- Code:
`(define (enequa n)`

(if (< n 1)

1

(* (if (odd? n) n 1)

(enequa (- n 1)))))

Statistics: Posted by Goheeca — Fri Oct 17, 2014 1:55 pm

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(enequa 5) = 1x3x5x7x9 = 945

(enequa 1) = 1

(enequa -2) = 1

should start

(define (enequa n)

i need help because i have o know answer to this problem after my mondy test

Statistics: Posted by PORCOREAL — Thu Oct 16, 2014 7:46 am

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Statistics: Posted by saulgoode — Fri Apr 25, 2014 1:25 pm

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add is not included so you get an error.

You can tell by just type inn identifiers in the interactions window before you define them and like sqrt you'll see #<procedure:sqrt> with sqrt replaced by something else.

The reason for this is unknown but I imagine it has to do with sqrt being a standard procedure in RNRS Scheme and Racket. If the package is based on one R5RS (the closest language to R3RS which were used in SICP) you will have all of the R5RS procedure and syntax that are not in direct violation of R3RS.

Statistics: Posted by sylwester — Mon Apr 21, 2014 1:44 pm

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The following codes are from the book and I use the procedure "sqrt" at beginning:

- Code:
`(sqrt (+ 100 37))`

(define (sqrt-iter guess x)

(if (good-enougth? guess x)

guess

(sqrt-iter (improve guess x)

x)))

(define (improve guess x)

(average guess (/ x guess)))

(define (average x y)

(/ (+ x y) 2))

(define (good-enougth? guess x)

(< (abs (- (square guess) x)) 0.001))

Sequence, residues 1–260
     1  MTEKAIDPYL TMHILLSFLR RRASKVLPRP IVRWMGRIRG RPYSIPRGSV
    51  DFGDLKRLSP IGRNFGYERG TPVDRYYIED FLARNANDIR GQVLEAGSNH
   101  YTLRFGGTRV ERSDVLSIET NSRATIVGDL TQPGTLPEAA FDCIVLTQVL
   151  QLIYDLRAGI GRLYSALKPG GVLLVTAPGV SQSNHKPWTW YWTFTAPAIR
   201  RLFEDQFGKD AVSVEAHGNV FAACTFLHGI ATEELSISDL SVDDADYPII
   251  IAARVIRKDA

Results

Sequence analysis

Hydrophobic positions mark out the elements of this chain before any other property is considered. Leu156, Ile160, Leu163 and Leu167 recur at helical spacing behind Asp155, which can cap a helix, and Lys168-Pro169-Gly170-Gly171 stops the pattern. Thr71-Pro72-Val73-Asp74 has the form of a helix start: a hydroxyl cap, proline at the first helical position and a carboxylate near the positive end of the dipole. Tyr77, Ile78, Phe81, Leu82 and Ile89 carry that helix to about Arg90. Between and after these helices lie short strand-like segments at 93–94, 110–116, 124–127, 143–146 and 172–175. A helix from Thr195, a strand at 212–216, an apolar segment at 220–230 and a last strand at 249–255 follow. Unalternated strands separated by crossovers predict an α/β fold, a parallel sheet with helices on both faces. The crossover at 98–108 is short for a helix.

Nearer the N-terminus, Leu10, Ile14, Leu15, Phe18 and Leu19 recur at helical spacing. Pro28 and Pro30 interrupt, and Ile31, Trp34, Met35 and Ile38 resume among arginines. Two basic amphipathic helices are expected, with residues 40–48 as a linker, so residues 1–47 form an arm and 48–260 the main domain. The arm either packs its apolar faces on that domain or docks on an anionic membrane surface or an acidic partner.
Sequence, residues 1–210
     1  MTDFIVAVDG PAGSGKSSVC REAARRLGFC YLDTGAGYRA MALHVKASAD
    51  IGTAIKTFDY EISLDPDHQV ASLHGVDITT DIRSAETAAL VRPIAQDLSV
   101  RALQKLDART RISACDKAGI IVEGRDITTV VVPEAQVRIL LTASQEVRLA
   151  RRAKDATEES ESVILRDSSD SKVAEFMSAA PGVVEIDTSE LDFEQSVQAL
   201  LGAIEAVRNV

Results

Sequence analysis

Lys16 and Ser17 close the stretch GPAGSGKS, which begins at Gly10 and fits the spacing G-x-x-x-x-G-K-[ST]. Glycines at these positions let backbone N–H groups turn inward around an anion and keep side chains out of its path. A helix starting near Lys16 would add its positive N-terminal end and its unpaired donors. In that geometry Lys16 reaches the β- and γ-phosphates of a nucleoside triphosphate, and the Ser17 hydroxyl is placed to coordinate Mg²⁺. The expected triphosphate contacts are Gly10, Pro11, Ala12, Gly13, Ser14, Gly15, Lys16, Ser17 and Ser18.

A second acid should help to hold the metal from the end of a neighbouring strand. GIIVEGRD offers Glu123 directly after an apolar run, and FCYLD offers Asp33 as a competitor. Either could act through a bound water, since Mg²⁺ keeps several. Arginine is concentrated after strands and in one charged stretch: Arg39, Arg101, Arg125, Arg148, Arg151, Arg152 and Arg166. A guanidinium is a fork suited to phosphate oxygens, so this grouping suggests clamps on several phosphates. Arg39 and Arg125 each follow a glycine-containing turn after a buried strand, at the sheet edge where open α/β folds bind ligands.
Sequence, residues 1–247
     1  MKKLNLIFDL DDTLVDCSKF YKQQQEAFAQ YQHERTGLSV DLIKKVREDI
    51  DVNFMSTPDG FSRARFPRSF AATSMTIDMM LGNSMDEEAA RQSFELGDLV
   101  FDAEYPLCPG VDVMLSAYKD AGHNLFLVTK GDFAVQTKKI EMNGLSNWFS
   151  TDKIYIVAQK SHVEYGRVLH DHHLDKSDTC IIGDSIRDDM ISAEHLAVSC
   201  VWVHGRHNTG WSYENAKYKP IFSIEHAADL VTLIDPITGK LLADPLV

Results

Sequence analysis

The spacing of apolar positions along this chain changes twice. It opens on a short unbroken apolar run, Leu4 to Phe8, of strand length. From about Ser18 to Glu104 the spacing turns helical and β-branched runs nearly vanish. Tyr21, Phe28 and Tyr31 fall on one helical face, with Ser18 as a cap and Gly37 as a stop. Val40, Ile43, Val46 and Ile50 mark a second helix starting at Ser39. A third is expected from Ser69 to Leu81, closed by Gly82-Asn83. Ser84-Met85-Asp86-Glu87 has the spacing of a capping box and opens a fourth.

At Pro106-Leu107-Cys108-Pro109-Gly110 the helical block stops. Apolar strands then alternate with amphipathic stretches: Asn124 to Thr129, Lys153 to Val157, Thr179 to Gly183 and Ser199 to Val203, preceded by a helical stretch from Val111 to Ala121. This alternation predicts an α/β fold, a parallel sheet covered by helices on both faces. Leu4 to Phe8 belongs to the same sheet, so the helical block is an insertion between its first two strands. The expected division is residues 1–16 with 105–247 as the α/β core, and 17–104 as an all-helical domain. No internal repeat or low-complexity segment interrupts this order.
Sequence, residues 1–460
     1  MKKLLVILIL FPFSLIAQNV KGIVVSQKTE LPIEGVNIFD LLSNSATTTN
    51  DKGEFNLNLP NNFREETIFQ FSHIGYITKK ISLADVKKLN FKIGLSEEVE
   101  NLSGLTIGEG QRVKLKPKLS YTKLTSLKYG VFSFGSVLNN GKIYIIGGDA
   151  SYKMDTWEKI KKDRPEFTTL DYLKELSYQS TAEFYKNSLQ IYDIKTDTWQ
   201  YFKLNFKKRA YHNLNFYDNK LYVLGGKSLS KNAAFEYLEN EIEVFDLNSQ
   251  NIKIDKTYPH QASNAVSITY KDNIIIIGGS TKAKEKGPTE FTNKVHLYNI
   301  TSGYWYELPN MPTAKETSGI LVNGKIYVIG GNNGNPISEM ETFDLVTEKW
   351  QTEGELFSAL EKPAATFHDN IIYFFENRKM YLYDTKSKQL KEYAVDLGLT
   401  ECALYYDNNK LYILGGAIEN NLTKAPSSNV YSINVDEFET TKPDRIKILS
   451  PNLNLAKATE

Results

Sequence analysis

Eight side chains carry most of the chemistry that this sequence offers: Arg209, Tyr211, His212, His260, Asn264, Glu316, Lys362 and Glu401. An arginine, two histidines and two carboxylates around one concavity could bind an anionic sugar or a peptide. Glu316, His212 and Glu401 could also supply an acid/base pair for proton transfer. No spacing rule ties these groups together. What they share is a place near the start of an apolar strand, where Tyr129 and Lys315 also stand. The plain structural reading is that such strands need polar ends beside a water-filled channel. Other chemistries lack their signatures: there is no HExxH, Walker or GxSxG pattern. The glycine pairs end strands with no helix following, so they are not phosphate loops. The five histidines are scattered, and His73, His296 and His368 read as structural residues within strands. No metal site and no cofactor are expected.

(define (square x)

(* x x))

(define (sqrt x)

(sqrt-iter 1.0 x))

It worked perfactly well. But as for my understanding, you have to define a procedure before use it, right? So I don't understand how this can work?

And I do an experiment:

- Code:
`(add 2 2)`

(define (add x y)

(test x y))

(define (test x y)

(+ x y))

But this time the interpreter gave me "add: undefined; cannot reference undefined identifier", so I am totally confused about these results, can somebody explain what's going to me?

Thank you

Statistics: Posted by blackdiz — Wed Apr 16, 2014 5:50 pm

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Statistics: Posted by nuntius — Sun Mar 02, 2014 8:44 pm

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Is this a homework problem?

Statistics: Posted by nuntius — Thu Oct 03, 2013 9:18 am

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Exercise 2.58 in SICP takes a slightly different approach.

Statistics: Posted by nuntius — Wed May 08, 2013 9:55 pm

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